A supervisor should define the employee’s job not just in terms of daily duties, but in terms of how those tasks relate to the team’s and organization’s ultimate purpose as well. As part of the performance management process, the supervisor gathers data on the employee’s actual performance and whether it matches those objectives.

This information can come from the employee’s file and the supervisor’s observations, along with comments from peers, external partners, and the employee’s direct reports. From this crowd-sourced data, the supervisor gains insight to where an employee has succeeded — or has fallen short. This forms the basis of a performance development blueprint that lays out specific goals for each employee.

2. During The Meeting: Setting Goals

Armed with a plan, the supervisor and employee discuss the goals set forth in it. Together, the employee and supervisor devise steps to reach those goals and determine how the outcome will be measured. For instance, if the objective is to consistently meet deadlines, the performance development plan charts how many times in a month the employee will meet that target.

The supervisor’s task during the meeting is not only to give feedback but to obtain input from the employee as well. Doing so ensures the goals set out are meaningful, achievable and fully understood by the employee.

Goals must link to the team’s and organization’s overarching purpose. For example, meeting deadlines and providing good customer service profits the company. Emphasizing this relevance and the employee’s importance within the company fosters better employee engagement.

When an employee’s performance requires improvement, he or she must agree to the goals and the measurement standards. If the overall performance is satisfactory, the supervisor can suggest ways the employee might upgrade his or her professional skills such as through additional training.

3. After The Meeting: Checking In

Agile performance management relies on frequent feedback and coaching to be successful. After the initial conference, the supervisor schedules regular meetings to check in with the employee. Have they met their goals? Are they experiencing any difficulties? Of course, between these meetings, supervisors can provide feedback and coaching if needed.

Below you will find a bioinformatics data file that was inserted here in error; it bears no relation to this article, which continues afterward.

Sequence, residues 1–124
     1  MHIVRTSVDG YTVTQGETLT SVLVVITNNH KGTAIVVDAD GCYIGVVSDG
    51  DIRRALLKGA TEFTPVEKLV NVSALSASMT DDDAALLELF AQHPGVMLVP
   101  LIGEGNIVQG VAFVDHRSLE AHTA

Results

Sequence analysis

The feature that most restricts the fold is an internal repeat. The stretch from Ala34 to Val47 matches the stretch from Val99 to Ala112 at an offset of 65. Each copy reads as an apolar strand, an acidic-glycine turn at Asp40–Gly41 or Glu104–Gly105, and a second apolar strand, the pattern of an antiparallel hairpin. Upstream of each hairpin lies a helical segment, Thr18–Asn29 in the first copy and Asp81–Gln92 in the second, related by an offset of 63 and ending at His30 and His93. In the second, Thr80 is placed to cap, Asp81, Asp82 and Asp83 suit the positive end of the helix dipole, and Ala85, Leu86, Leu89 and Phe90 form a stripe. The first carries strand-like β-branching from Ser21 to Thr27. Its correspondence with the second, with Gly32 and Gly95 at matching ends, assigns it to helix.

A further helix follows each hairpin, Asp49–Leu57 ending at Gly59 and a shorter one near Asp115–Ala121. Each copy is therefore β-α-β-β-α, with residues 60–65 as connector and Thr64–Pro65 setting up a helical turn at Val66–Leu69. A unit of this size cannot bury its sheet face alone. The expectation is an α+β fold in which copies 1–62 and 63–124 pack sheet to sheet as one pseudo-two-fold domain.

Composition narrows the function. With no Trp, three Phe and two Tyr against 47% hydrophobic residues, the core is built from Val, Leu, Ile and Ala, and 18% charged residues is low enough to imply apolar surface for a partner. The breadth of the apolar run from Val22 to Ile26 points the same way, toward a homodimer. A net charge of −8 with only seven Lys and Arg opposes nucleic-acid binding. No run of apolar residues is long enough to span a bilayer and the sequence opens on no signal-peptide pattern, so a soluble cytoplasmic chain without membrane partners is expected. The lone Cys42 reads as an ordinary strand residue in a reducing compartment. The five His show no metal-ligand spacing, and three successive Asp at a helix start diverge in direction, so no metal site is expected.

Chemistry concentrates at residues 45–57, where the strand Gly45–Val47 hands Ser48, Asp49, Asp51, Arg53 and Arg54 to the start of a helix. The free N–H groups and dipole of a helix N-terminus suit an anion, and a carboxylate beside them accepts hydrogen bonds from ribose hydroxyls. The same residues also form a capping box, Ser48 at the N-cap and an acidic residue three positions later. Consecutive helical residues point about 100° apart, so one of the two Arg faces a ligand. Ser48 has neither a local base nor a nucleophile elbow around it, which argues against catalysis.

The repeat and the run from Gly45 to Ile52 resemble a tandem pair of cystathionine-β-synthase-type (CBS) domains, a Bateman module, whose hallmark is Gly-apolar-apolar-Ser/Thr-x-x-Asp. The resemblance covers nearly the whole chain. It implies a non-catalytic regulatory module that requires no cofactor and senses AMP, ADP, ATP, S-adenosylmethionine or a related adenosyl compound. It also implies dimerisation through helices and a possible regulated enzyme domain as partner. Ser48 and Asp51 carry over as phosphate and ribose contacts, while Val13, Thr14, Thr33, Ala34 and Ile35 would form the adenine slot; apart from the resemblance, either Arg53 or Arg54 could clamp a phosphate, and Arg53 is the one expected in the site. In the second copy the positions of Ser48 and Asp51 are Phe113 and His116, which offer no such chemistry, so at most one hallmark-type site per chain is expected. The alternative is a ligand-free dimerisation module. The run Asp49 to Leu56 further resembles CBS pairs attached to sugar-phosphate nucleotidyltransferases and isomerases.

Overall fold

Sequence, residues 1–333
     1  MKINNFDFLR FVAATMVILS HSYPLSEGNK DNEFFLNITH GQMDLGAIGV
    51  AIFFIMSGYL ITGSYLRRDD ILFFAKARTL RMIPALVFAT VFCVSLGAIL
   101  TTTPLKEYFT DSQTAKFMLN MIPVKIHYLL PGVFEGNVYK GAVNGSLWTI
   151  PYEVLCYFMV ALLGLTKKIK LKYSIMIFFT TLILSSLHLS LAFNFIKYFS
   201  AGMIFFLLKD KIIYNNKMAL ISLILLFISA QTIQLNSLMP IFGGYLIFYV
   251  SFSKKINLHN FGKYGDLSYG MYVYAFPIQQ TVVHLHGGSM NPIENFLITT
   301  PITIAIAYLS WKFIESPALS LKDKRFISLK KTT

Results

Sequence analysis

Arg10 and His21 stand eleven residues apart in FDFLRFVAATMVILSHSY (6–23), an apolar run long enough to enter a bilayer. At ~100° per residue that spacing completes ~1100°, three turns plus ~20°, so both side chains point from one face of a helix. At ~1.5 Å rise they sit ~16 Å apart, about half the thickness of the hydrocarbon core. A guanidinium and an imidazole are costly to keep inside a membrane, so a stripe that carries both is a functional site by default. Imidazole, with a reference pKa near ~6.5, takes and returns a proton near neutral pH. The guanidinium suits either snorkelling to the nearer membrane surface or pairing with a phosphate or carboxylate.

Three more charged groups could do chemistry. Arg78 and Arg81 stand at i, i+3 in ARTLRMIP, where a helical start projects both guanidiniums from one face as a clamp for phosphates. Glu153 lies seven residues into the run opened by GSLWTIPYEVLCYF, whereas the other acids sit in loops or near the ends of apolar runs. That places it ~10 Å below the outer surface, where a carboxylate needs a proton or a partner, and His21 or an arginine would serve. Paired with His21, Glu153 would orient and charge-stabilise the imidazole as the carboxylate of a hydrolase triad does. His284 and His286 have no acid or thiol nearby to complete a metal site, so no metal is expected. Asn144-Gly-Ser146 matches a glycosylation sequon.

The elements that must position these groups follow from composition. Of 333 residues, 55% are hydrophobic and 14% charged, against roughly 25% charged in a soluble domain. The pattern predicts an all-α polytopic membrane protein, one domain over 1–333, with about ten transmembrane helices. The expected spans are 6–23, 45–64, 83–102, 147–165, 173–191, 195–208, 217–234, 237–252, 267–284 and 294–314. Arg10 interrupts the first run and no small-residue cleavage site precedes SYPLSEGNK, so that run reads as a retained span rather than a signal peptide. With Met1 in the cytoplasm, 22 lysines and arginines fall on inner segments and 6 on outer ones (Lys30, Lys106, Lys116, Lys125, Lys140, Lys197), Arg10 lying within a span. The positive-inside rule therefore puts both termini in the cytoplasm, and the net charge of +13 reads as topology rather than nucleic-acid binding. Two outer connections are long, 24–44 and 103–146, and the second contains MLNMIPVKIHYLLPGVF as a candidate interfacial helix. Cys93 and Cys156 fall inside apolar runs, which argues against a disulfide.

As its name suggests, agile performance management adjusts as organizational needs change. It’s a performance management plan that can be modified at any time using a fluid document rather than a set-in-stone, one-size-fits-all employee review form.

There is no single agile performance management definition. Each organization decides how to structure their own process to best suit its own needs and circumstances. Some may require a standard organization-wide procedure and measurements as well as extensive documentation. Others might amend and replace certain steps in their performance management process to match their company’s operations. Why agile performance management works

Why Agile Performance Management Works

An agile performance management process engages employees in a year-round, continual process of individual development. They become active participants in cultivating their strengths in ways that benefit themselves and the entire company.

An agile performance management process engages employees in a year-round, continual process of individual development. They become active participants in cultivating their strengths in ways that benefit themselves and the entire company.

The company, meanwhile, retains or alters its workforce skills as business needs change. By practicing agile workforce management, companies build a staff with the ability to support their objectives. This leads to less turnover, more engaged employees and higher revenues.

Like most every HR function, performance management has been digitized. Many companies now provide performance management software. Capterra has reviewed a number of available products here.

Whether digitized or not, the basic principles of agile performance management remain the same: goal setting, objectively measuring results, frequent feedback, collaboration, effective coaching, adaptability and, of course, flexibility.

 

References:

  1. The real reason why Millennials crave feedback in the workplace
  2. Performance Management 5th Edition
  3. What Is Agile Performance Management?